On Tue, Oct 18, 2016 at 5:48 PM, Simon Riggs <si...@2ndquadrant.com> wrote:
> On 18 October 2016 at 22:04, Claudio Freire <klaussfre...@gmail.com> wrote:
>> On Tue, Oct 18, 2016 at 3:28 PM, Alvaro Herrera
>> <alvhe...@2ndquadrant.com> wrote:
>>> I propose we introduce the concept of "indirect indexes".  I have a toy
>>> implementation and before I go further with it, I'd like this assembly's
>>> input on the general direction.
>>> Indirect indexes are similar to regular indexes, except that instead of
>>> carrying a heap TID as payload, they carry the value of the table's
>>> primary key.  Because this is laid out on top of existing index support
>>> code, values indexed by the PK can only be six bytes long (the length of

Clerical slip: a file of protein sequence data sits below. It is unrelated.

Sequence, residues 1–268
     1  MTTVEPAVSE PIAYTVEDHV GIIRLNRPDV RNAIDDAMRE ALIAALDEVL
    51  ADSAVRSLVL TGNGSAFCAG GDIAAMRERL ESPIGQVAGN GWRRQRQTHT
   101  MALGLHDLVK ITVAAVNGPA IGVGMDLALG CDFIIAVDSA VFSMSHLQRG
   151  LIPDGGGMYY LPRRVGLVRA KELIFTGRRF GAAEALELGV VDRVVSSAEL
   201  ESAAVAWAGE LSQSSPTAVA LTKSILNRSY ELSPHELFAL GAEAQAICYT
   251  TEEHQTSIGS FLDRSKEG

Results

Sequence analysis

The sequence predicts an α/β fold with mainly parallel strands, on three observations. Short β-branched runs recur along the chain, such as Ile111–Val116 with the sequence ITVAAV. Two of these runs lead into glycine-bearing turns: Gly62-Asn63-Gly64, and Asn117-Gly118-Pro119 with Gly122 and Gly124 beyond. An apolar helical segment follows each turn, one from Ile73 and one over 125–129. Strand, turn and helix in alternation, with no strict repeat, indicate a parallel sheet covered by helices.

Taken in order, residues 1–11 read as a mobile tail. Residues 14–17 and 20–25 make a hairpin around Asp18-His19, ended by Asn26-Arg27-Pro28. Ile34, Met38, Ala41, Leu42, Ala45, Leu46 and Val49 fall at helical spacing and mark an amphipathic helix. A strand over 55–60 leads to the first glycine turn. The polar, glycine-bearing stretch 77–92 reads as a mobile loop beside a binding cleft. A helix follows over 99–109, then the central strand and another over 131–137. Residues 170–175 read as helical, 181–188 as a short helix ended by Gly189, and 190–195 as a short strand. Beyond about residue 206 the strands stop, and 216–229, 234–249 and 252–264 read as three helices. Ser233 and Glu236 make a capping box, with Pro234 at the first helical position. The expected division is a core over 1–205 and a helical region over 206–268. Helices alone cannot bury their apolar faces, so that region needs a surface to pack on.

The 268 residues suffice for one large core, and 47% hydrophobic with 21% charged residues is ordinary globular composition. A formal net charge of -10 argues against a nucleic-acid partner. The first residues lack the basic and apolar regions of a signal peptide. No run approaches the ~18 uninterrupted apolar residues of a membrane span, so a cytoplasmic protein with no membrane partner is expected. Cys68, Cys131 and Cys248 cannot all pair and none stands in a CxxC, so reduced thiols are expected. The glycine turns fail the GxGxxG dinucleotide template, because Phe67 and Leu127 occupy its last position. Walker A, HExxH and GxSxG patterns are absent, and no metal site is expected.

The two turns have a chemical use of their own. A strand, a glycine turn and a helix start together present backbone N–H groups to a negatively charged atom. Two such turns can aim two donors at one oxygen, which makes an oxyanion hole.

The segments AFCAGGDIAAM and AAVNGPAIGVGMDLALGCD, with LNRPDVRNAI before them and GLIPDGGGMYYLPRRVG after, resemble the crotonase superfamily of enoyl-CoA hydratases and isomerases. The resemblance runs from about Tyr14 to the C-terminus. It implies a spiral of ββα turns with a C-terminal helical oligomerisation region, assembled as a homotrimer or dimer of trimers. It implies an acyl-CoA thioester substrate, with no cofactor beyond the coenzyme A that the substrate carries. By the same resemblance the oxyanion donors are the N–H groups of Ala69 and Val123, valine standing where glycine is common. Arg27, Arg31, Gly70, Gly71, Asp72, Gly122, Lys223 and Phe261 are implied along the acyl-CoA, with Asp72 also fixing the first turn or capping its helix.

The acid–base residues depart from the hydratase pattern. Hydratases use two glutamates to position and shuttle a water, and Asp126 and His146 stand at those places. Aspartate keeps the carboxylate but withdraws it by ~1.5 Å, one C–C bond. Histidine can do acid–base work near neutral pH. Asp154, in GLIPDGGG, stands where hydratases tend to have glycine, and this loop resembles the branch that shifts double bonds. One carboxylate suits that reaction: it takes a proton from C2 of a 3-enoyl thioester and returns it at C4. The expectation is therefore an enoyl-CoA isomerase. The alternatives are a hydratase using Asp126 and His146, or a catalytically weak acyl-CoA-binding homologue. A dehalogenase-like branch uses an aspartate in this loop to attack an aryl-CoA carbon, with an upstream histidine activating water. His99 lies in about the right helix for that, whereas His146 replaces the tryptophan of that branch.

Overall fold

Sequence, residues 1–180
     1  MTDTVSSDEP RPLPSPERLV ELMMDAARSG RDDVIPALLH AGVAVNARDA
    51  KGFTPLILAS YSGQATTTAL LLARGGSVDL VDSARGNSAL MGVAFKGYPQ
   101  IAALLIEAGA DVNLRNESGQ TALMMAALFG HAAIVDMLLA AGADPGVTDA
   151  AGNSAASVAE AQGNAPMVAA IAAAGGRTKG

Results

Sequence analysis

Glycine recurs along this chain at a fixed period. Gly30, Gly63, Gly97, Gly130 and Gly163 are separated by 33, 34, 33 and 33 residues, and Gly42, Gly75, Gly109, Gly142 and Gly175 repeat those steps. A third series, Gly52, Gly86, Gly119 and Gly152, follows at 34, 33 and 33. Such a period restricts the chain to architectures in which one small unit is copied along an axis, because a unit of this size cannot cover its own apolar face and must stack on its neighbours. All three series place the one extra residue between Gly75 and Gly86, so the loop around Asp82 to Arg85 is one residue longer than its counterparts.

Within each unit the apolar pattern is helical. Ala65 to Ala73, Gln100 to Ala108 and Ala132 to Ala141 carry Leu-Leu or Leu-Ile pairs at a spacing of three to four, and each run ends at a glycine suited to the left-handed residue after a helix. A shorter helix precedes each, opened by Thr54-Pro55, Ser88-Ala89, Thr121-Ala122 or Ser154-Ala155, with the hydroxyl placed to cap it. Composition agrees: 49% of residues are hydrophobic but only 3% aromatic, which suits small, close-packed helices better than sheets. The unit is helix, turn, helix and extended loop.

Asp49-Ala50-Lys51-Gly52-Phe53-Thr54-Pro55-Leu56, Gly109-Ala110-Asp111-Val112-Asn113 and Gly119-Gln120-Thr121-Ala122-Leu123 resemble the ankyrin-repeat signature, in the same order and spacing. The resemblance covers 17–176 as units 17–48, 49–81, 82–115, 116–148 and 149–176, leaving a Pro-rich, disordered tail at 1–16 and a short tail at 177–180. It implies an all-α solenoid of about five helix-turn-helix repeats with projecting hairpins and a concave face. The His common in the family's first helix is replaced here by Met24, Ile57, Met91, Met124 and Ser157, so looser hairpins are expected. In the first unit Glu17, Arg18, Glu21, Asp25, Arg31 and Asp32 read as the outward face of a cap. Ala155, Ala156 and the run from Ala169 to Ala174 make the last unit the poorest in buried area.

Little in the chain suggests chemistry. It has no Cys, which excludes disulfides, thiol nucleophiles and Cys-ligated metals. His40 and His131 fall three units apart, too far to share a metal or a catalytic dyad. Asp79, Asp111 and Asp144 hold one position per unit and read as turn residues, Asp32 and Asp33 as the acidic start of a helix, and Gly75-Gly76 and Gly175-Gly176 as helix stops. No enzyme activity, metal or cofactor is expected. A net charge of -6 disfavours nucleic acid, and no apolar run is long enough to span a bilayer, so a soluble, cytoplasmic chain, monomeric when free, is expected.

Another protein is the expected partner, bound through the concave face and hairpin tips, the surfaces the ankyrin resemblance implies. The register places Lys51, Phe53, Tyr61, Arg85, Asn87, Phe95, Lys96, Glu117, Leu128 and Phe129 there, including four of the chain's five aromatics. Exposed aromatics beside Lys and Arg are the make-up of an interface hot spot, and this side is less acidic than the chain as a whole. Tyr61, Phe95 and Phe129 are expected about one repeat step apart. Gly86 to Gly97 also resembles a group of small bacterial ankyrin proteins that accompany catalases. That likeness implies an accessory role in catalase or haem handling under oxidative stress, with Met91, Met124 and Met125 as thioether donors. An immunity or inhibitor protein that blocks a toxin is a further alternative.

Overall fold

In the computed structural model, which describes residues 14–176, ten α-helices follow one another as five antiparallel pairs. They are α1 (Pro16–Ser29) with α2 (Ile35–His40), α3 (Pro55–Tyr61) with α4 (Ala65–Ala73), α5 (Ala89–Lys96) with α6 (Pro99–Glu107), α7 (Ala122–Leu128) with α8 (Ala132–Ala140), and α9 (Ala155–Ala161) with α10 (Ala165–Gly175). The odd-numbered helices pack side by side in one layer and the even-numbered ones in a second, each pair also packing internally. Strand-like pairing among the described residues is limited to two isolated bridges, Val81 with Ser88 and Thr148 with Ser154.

>>> ItemPointerData); in other words, 281,474,976,710,656 rows are
>>> supported, which should be sufficient for most use cases.[1]
>> You don't need that limitation (and vacuum will be simpler) if you add
>> the PK as another key, akin to:
>> CREATE INDIRECT INDEX idx ON tab (a, b, c);
>> turns into
>> CREATE INDEX idx ON tab (a, b, c, pk);
>> And is queried appropriately (using an index-only scan, extracting the
>> PK from the index tuple, and then querying the PK index to get the
>> tids).
>> In fact, I believe that can work with all index ams supporting index-only 
>> scans.
> But if you did that, an UPDATE of a b or c would cause a non-HOT
> update, so would defeat the purpose of indirect indexes.

I meant besides all the other work, omitting the tid from the index
(as only the PK matters), marking them indirect, and all that.

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